The switch matrix test can also be done on the bench without a playfield by substituting a simple jumper lead with a diode in series. Connect the anode (banded end) of the diode to Row 0...7 (CN10 pins 6, CN11 pins 2...7, CN11 pin 9) and use the cathode (non-banded end) as a probe on Column 0...7 (CN11 pins 10...17). By working through all possible switches (0...63), you can prove that the board is working, so any switch problems found must be on the playfield. See Games and Documentation for switch matrix charts.
Press Advance to reach the controlled lamps test. All playfield and backbox controlled lamps will cycle on and off.
Press Advance to reach the solenoids test. All playfield solenoids will be pulsed, one at a time, to verify that they all work. The current solenoid number will be displayed on the Ball/Credit display as the game walks through all of them. Use the solenoid location page in the manual to verify that all are working. Not all games use all possible solenoids, and they were not necessarily all used in order, so it may be ok if it skips one or two. Verify against the manual to be sure. Some games use "solenoid" drivers for non-solenoid applications like the small playfield "Extra Kicks" display on Soccer Kings and the backbox chanse lights on Time Machine.
Press Advance to reach the sound test. All sounds and speech calls used by the game will be played, one at a time, with the current sound number displayed.
Use Advance or Return to return to Game Over.
When I first got my Farfalla, the ball plunger was bent. I replaced it with a generic Williams' black knob plunger, but it never looked quite right. At a coin-op show, I found a box full of Data East ball plungers from Laser War that had a nice translucent red knob, almost a perfect match for the original Zaccaria plunger. That looks much nicer than the generic black knob plunger.
The Yellow drop target bank on my Farfalla would never drop reliably when hit. Some targets were more prone to this than others, but even after a good cleaning, the ball would still sometimes just bounce off. I found that the problem was actually in the way that the plastic target is attached to the mechanism at the bottom. There is a cotter pin that holds the pivot pin in the bottom of the plastic drop target.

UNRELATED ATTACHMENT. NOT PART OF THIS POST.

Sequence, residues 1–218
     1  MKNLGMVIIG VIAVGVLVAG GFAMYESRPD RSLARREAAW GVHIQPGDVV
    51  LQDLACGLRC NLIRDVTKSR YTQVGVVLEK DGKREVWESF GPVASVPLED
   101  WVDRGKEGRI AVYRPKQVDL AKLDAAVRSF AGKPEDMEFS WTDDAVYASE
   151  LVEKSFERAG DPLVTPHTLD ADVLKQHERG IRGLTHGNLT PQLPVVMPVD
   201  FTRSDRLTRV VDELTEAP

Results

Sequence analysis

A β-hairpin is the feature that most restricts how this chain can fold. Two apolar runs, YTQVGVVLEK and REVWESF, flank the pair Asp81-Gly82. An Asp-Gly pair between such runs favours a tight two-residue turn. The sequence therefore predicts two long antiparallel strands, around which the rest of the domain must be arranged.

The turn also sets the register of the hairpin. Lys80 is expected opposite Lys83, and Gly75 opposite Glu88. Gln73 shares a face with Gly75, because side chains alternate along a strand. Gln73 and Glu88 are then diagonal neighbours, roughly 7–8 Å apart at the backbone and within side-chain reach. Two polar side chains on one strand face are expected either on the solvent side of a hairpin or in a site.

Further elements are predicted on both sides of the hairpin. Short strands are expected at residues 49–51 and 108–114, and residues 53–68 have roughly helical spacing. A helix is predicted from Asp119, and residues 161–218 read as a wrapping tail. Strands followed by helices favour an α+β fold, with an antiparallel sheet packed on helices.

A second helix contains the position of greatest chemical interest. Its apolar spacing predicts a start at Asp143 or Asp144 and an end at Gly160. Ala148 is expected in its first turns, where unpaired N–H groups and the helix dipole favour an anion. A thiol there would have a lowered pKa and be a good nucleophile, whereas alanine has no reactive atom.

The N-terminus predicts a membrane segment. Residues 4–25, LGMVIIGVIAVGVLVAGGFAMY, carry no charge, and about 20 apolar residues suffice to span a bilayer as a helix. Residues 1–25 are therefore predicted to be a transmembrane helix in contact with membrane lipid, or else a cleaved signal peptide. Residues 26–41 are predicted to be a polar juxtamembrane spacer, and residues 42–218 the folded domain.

This pin is just close enough to the front metal wall of the target bank that the cotter pin can rub on the metal wall, even jam against it so that there is no way that the target can ever drop. I replaced the cotter pins with 7/32" E clips from the local hardware store, gaining the necessary clearance and now my drop targets always go down when hit. Pinball Champ '82 and Pinball Champ used a similar drop target bank with the targets extended to reach the upper playfield, so this probably applies to those games as well.
The microswitch in the outhole on my Magic Castle was broken when I got the game originally. I replaced it with a switch obtained from Mouser that is a perfect fit. Use part number 6115-V7-2B17D8-048, a long lever microswitch with a very low contact force rating. Mouser have other switches available that will fit, but with higher contact force ratings that do not work.
There is an error in the Electrical Power Wiring diagram included in the schematics package for Farfalla and Soccer Kings. Power Supply connector CN5 pins 3 and 4 are shown reversed, with CN5 pin 3 (GND) connected to Driver board CN16 pin 2 (5.6VCC), and with CN5 pin 4 (5.6VCC) connected to CN16 pin 1 (GND). The pins are labled correctly, just the lines connecting them on the schematic are incorrect. By the time Magic Castle was released, this error had been corrected. I don't (yet) know which game corrected it.
The moving playfield on Time Machine is controlled via a relay mounted under the playfield. Transistor Q (Q23) turns the relay on, which then starts the motor turning. The relay latches on via a runout switch mounted on a cam on the motor, which keeps the motor running until the cam allows the switch to open, disengaging the relay and stopping the motor.
On Farfalla, the solenoids used to reset the Yellow drop target bank have their own dedicated ground return, a Green/Yellow wire. This terminates in a female spade connector that connects to the cabinet ground strap via a male spade connector on the left wall of the backbox, just below the transformer for the neon lamp. This Green/Yellow wire, and its connection to the cabinet ground, does not seem to be shown anywhere in the manual or schematics for the game. If it is not connected, the Yellow drop target bank will not reset.
David Gersic firstname.lastname@example.org
Copyright © 2001. All rights reserved.